About this Episode
The global pandemic transformed work as we once knew it and erupted into the “great resignation.” With pains and opportunities, the shifting landscape of the new ‘un-labor’ force may be a catalyst for jobs with justice.
Rewind a few decades, Black workers — especially women — overrepresented in organized labor, reaped tremendous gains that raised wages, protected jobs and fueled the Black middle class of the 20th century. But as Black union membership peaked, private-sector unions would plummet, altering the tenor of the “Union Yes!” battle cry. This episode explores unions, jobs and race from the perspective of advocates on the frontline of organized labor.
In this Episode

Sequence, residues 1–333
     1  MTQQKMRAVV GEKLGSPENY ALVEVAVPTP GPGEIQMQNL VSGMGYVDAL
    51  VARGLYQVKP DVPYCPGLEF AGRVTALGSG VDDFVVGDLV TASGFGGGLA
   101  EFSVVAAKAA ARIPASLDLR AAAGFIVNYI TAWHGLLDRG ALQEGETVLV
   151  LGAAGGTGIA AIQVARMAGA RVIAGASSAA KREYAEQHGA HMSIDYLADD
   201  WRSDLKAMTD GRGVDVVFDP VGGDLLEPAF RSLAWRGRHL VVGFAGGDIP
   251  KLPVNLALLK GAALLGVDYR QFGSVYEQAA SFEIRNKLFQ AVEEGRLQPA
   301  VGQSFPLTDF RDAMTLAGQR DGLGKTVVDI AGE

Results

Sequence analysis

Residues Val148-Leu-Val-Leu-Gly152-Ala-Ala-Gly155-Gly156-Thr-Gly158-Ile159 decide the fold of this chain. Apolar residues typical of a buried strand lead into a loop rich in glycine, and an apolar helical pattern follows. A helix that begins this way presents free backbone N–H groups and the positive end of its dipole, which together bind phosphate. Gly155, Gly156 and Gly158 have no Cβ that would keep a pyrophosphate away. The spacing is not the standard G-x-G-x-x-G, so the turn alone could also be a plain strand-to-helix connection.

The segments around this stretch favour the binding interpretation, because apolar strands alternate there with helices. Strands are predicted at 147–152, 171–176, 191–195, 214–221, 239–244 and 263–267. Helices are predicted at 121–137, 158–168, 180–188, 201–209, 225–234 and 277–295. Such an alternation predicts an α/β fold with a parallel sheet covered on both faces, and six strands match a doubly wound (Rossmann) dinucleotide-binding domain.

“Black workers are the canary in the coal mines. We don’t win until we [can] define the value of our labor, until the world reckons with our relevance.”
Bill Fletcher, Jr.
“People have resigned from work, declined to take certain kinds of jobs…I think what organized labor needs to do is to turn that anger into organization.”
Patricia A. Ford
Executive VP (Ret.), Service Employees International Union (SEIU) & Social Justice Advocate
“Black women have been the driving force of a strong labor movement. Black women are most likely to be organized and most likely to be active.”